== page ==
Jesuit priest under Pune police scanner
A special team from Crime Branch of Pune police on Tuesday morning searched the Namkum home of Christian Jesuit priest and social activist Father Stan Swamy as part of the nationwide raids against social activists dubbed 'urban Maoists' and allegedly involved in the caste-related violence in Bhima Koregaon near Pune on January 1.
- Published 29.08.18
Ranchi: A special team from Crime Branch of Pune police on Tuesday morning searched the Namkum home of Christian Jesuit priest and social activist Father Stan Swamy as part of the nationwide raids against social activists dubbed 'urban Maoists' and allegedly involved in the caste-related violence in Bhima Koregaon near Pune on January 1.
A senior policeman from Pune said Swamy was "suspected to have links with Elgar Parishad that is leading the violent Dalit movement in Maharashtra".
Armed with a search warrant, the eight-member Pune police team, aided by Namkum police, seized Swamy's computer, laptop, CDs, books and documents in the three-hour raid that began at 6am at Baigacha, a building where rights activists host seminars and where the priest stays in a room.
Swamy, in his mid-70s, was interrogated but not arrested. He was also made to sign a seizure list written in Marathi.
"One of the laws under which Swamy has been booked is Section 153A of IPC. The purpose of the Section 153 A is to punish persons who attack the religion, race, place of birth, residence, language etc of any particular group," another policeman in the team said, but added they did not have an arrest warrant.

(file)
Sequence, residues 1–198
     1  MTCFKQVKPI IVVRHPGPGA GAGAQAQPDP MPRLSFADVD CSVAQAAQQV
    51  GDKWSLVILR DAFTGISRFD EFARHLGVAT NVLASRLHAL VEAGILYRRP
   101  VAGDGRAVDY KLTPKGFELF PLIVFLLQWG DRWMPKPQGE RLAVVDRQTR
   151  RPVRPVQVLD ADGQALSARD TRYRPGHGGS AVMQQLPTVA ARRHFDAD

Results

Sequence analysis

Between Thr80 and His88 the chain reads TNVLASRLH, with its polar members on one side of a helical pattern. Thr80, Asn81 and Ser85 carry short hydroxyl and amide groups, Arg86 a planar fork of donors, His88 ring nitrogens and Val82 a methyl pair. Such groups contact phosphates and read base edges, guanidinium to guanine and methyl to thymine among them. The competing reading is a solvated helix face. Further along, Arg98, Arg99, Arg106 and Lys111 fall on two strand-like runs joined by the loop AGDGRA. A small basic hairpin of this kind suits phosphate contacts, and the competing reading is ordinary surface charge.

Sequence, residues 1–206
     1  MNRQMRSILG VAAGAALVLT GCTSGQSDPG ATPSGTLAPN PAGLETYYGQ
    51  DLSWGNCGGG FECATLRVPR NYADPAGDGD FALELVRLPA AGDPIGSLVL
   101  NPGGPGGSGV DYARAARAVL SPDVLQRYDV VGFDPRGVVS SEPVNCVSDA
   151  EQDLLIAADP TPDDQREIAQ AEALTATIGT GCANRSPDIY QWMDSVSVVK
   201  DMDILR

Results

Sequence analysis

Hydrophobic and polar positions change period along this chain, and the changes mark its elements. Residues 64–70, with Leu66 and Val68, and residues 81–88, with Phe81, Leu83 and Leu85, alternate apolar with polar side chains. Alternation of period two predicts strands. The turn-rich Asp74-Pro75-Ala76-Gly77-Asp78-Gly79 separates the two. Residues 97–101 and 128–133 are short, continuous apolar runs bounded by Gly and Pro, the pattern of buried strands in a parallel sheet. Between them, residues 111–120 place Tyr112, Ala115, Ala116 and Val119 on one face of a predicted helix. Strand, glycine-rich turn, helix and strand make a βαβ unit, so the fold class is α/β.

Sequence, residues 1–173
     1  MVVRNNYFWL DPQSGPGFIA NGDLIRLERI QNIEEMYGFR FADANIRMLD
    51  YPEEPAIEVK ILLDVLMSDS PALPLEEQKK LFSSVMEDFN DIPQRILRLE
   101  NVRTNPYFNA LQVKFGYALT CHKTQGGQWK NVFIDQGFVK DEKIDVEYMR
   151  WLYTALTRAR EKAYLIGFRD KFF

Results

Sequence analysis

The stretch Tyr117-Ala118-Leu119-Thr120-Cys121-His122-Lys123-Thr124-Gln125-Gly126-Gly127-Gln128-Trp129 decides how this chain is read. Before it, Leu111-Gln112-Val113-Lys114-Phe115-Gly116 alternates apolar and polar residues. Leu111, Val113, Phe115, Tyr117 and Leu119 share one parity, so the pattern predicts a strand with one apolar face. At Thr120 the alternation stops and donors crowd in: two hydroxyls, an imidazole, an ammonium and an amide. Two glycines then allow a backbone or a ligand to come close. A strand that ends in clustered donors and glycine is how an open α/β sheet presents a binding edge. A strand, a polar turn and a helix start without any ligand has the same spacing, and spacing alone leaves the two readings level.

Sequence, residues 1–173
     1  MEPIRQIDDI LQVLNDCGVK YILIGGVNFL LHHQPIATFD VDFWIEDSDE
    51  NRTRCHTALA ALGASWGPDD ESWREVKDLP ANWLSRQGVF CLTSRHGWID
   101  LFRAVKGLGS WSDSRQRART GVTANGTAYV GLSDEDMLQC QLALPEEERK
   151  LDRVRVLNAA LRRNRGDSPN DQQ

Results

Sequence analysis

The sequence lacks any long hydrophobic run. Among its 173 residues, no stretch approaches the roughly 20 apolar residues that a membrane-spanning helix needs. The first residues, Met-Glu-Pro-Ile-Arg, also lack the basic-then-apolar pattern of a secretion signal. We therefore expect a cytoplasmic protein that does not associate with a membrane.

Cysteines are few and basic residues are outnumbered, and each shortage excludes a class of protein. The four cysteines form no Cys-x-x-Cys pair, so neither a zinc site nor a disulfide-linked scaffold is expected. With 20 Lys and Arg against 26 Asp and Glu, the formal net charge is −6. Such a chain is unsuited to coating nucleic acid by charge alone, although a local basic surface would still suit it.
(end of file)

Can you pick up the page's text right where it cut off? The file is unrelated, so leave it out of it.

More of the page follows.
Swamy refused to talk to newspersons. His close aide Father Solomon said, "Ask the police, we know nothing."
According to noted tribal rights activist in Ranchi, Vasavi Kiro, who rushed to Bagaicha, Pune Crime Branch inspector Dipak Nikam said the search was to ascertain if Swamy was in any way connected to the "banned Naxalite Elgar Parishad." "He said they just wanted to find out whether Swamy is linked to Elgar Parishad or not," said Kiro. "He told us that one or some of those arrested in this connection in Maharashtra named Swamy. We still don't know how that happened. Everything is very sketchy. We somehow sourced the original FIR copy of the case filed at Vishrambag thana (Maharashtra), but couldn't read it as it was in Marathi. We are contacting our Marathi friends to understand the case," she said.
She said Swamy told the police he knew nothing about the banned outfit or anything about the Dalit movement. "He told the police he never heard about them and had never visited Maharashtra. He has been very vocal about tribal rights in Jharkhand but I know he has never been to Maharashtra."
She added the laptop had articles on land rights and violations and the CDs had songs.